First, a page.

why L[3:1]=['?'] become L.insert(3,'?')

Mel mwilson at the-wire.com
Mon Oct 4 17:10:02 CEST 2010


sd44 wrote:

> In <learning python>
> part III
> how does Python handle it if you try to extract a sequence in reverse,
> with the lower bound greater than the higher bound (e.g., L[3:1])? Hint:
> try
> assigning to this slice (L[3:1]=['?']), and see where the value is put.
> 
> 
>>>> L=[1,2,3,4]
> 
>>>> L[3:1]
> []
>>>> print L
> [1, 2, 3, 4]
>>>> L[3:1]=['?']
>>>> print L
> [1, 2, 3, '?', 4]

To specify a backwards slice, you have to supply the third slice argument:

L[3:1:-1]

As it stands, `L[3:1]=['?']` replaces the empty sequence at index 3 with the 
contents of ['?'].  You know that `L[3:1]` is empty from the display above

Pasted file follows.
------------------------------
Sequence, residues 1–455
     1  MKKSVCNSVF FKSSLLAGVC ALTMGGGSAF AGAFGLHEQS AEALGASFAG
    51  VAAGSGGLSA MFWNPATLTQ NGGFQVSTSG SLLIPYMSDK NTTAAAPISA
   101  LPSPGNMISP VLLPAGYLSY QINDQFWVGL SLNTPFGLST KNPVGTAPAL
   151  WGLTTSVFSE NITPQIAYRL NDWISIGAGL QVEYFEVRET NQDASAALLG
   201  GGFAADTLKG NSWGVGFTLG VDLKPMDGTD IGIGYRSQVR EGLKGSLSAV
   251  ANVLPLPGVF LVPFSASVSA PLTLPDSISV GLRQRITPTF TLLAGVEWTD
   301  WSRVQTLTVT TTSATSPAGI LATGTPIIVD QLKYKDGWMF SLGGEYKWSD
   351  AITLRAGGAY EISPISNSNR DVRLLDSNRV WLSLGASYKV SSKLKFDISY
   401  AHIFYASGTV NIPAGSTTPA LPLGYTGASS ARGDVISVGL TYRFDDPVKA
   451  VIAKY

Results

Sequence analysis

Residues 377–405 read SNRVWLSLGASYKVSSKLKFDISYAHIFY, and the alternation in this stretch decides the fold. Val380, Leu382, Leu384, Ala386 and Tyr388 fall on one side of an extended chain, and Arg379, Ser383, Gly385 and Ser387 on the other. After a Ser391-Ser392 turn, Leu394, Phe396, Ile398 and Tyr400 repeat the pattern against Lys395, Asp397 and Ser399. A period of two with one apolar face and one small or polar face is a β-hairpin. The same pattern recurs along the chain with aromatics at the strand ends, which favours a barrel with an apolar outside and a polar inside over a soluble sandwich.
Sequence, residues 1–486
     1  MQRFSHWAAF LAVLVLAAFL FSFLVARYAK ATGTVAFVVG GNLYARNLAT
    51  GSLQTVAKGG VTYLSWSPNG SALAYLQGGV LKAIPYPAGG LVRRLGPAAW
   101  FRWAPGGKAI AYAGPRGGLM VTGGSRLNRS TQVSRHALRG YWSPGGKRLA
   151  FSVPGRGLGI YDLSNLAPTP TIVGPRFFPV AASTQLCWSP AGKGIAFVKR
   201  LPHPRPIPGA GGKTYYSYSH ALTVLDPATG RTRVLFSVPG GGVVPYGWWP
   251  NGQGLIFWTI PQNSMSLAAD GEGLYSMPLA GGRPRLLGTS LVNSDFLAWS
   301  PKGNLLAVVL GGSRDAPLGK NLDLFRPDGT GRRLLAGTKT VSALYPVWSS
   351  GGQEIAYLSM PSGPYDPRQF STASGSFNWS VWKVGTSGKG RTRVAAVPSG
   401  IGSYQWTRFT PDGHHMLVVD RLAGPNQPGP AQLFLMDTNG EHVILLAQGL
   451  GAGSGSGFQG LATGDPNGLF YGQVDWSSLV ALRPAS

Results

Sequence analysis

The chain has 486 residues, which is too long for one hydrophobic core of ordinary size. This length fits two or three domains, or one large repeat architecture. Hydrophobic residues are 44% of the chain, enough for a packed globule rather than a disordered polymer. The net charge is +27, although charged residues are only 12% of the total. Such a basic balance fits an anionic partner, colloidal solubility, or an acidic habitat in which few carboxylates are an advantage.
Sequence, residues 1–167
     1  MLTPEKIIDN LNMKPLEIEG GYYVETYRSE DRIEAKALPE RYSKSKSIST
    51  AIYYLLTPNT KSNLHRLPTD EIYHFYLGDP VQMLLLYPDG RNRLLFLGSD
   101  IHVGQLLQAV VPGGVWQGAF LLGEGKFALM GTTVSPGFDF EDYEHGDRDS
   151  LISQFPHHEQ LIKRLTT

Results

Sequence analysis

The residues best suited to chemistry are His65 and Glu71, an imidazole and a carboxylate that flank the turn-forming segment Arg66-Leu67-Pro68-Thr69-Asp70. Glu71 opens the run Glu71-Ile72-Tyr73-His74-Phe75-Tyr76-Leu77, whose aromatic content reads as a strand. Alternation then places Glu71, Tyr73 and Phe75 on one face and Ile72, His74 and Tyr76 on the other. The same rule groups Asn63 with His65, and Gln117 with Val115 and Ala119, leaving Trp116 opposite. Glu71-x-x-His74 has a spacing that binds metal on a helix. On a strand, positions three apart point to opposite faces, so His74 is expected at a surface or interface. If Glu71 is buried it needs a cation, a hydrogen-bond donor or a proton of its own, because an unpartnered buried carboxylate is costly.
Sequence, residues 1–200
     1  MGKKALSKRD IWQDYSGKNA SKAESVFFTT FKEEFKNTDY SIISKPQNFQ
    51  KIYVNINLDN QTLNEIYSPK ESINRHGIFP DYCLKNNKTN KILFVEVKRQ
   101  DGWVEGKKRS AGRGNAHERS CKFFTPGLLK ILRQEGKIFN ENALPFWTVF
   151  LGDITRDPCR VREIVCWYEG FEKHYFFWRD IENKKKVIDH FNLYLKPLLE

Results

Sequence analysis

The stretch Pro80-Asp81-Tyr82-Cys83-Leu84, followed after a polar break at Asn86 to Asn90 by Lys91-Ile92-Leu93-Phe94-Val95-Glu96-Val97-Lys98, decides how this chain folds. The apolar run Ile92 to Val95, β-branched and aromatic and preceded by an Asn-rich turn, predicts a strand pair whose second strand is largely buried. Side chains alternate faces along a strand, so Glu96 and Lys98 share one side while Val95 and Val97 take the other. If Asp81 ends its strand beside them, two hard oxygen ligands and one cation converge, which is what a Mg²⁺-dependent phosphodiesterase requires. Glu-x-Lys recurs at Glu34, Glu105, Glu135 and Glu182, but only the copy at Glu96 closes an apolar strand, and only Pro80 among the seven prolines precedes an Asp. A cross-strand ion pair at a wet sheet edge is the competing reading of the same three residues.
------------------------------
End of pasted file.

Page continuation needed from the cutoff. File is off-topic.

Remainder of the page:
the print statement.

The language manual has slicing defined as "a[i:j] selects all items with 
ndex k such that i <= k < j".  This is true as far as it goes but the 
tutorial is truly on to something when it says "see where the value is put."

Python won't build a sequence that's less-than-empty, so it deals with an 
empty sequence here.  We're probably due for an argument on whether it 
should raise an exception instead.  See the current thread on whether `+` 
should be a sequence concatenation operator.

	Mel.




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